The March 13, 1964 murder of Kitty Genovese led to an entirely new field of research in psychology. Genovese was attacked while walking home from work at 3:20 a.m. in Queens, New York. She was stabbed, sexually assaulted, and murdered over a period of 30 minutes. Subsequent reports said 38 witnesses watched the attack from nearby apartments but neither intervened nor even called the police until the attacker fled. Kitty Genovese died on the way to a hospital.
Two psychologists, Bibb Latané and John Darley, conducted extensive research to examine and try to explain such apparently callous indifference to the suffering of another human being. Over time, these and other researchers teased out several factors that will affect the likelihood of bystander intervention.
- Diffusion of responsibility is one of the earliest and most powerful variables identified: the more people who are bystanding, the less likely it is that anyone will intervene. Responsibility is diffused among all.
- Contrarily, Philpot et al. just this year published the results examining real-life video recordings from three countries and found that someone intervened in over 90% of cases. Even if the likelihood of any one person responding was infrequent, someone in the crowd intervened.
- Emergency vs. non-emergency situations. The following conditions are relevant.
- Notice that something is going on.
- interpret the situation as an emergency. Others not reacting provides social influence against acting,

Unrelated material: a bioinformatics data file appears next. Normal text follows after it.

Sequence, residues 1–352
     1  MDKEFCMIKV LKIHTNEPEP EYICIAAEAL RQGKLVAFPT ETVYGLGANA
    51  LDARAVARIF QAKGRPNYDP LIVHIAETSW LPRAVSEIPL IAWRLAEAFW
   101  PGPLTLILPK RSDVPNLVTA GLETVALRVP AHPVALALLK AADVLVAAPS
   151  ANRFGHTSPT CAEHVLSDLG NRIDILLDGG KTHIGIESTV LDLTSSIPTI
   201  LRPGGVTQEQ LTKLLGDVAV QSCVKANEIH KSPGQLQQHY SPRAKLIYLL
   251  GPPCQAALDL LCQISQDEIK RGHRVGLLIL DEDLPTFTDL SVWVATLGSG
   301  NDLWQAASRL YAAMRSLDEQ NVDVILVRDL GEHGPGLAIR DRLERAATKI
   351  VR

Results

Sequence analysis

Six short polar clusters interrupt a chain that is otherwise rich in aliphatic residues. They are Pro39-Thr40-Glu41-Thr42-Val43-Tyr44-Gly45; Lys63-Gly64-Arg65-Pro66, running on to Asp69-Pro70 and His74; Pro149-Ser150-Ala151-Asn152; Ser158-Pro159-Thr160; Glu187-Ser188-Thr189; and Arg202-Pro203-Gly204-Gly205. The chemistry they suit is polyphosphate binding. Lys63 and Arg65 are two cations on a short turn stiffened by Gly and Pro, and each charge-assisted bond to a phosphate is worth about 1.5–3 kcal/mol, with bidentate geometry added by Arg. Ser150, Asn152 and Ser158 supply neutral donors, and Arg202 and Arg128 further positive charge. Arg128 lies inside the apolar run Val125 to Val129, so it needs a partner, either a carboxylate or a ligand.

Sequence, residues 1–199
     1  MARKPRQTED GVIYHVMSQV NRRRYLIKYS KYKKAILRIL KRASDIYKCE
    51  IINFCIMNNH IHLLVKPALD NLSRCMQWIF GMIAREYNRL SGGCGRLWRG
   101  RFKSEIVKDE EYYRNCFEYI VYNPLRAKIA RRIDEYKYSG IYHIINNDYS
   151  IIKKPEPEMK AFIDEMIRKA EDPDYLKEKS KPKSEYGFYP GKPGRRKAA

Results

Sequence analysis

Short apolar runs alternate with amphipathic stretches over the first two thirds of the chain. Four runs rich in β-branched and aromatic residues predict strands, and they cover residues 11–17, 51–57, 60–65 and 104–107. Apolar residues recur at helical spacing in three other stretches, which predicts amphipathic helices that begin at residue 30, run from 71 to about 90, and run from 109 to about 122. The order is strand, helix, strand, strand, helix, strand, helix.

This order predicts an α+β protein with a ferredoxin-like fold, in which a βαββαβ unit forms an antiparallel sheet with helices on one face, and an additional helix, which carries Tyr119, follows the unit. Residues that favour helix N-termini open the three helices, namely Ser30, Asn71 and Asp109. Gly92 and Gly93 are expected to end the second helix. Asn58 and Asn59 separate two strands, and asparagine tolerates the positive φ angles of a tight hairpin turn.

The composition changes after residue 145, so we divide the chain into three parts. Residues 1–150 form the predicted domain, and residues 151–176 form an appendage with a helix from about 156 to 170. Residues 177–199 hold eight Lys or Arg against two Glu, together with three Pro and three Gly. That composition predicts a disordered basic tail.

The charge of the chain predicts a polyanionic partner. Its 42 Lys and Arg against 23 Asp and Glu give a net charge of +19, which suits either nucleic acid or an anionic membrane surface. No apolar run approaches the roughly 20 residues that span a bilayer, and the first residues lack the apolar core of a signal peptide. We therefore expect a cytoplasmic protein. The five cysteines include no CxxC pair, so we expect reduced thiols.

- Feel responsible: does the victim deserve help, is the bystander competent, what is the bystander’s relationship to victim.
- The form of assistance needed (e.g., medical emergency, harassment protection, etc.).
- Implement the action choice.
- Ambiguity and consequences: ambiguous situations take up to five times as long to respond to, and even then bystanders will often not intervene until after assessing their own safety.
- Cohesiveness and group membership: the more cohesive a group, the more likely it is that the norm of social responsibility will lead to helping. Bigger cohesive groups are quickest to react.
- Cultural differences affect intervention—both broad/national culture and subculture.
- Digital interference is a relatively new phenomenon. With the spread of cell phones and social media, bystanders at a scene are becoming more likely to try to film the incident (whether as “armchair activism” or simply to attract online attention) than they are to intervene or call for help. This has the doubled impact of overloading nearby cell towers so that actual phone calls to emergency services are not connected.
Bystander apathy can be counteracted by raising awareness of bystander effects ad consciously taking steps to overcome it and help; and victims can overcome the diffusion of responsibility in groups by singling out a single member and asking for help from that one person.
Bottom line for writers: make your readers understand why your character does or does not intervene!